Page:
Filling the gaps on the Supreme Court: How it happened

  • December 06, 2016

By Susan Ursel

The Independent Advisory Board for Supreme Court of Canada Judicial Appointments is an important step forward in ensuring the openness, transparency, and accountability in appointments to the highest court in the land. The Advisory Board’s mandate is to provide non-binding merit-based recommendations to the Prime Minister on Supreme Court of Canada appointments. It was constituted on Aug. 2, 2016 and consists of seven members, chaired by the Right Honourable Kim Campbell, former prime minister of Canada. The other six members are drawn from our legal, academic, regulatory and judicial communities, as well as two members from outside law. It is supported in its work by the Office of the Commissioner for Federal Judicial Affairs.

It was my great honour and responsibility to act as the Canadian Bar Association’s nominee to the Advisory Board. I would like to take this opportunity to thank the CBA for its trust in me and for this opportunity to serve my country.

For the first time in Canadian history, qualified lawyers and judges were invited to make applications for the vacancy on the Supreme Court of Canada, when the Hon. Thomas Cromwell retired earlier this year. The Advisory Board considered these applications pursuant to its mandate and terms of reference and made its recommendations to the Prime Minister.

On Oct. 17, 2016, the Prime Minister announced the Honourable Malcolm Rowe,  who sat on the Court of Appeal of Newfoundland and Labrador since 2001 as his nominee to the Court. Our chair, along with the Minister of Justice appeared before House of Commons’ Committee on Justice and Human Rights to discuss the selection process. The nominee himself appeared before members of the House’s Justice and Human Rights Committee and Senate’s Legal and Constitutional Affairs Committee – as well as representatives of the Bloc QuĂ©bĂ©cois and Green Party in a Q&A session following the Prime Minister’s announcement.  A report on the work of the Advisory Board is forthcoming and will outline in more detail the Board’s process.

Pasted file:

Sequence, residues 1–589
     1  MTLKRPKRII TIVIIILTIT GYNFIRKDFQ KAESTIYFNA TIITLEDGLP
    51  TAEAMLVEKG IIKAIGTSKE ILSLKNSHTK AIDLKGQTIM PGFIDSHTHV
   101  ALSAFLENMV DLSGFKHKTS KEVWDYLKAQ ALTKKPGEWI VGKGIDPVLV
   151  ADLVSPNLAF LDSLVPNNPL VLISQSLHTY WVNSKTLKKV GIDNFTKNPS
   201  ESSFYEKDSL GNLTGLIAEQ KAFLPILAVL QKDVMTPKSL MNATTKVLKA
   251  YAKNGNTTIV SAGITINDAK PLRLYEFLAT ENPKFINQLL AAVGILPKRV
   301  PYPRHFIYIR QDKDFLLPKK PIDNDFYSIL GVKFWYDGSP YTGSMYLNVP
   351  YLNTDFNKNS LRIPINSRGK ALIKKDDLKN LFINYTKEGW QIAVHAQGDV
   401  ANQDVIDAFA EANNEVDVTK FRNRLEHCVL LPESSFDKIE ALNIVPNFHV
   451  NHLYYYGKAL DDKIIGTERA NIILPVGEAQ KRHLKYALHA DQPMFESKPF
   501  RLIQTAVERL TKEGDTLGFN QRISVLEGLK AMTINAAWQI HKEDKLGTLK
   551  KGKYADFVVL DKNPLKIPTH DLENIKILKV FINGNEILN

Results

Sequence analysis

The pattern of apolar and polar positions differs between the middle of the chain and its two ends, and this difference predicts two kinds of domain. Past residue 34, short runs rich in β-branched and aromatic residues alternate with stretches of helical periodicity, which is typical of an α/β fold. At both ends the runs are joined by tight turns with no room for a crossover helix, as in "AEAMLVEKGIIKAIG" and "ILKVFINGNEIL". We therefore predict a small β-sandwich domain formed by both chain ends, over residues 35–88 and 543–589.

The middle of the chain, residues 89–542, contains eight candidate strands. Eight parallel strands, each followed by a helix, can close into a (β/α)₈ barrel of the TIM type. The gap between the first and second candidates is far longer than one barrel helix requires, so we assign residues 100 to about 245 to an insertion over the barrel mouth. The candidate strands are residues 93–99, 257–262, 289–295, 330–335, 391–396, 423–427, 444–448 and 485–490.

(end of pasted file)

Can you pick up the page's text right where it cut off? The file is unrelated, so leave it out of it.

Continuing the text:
It is one of the highest achievements of my career to be called to work with my wise and knowledgeable fellow Advisory Board members and the superb staff of the Office of the Commissioner for Federal Judicial Affairs. But most of all , I believe, we have helped set a course for the process of appointments to the highest court in the land in which the citizens of Canada can take pride and have confidence.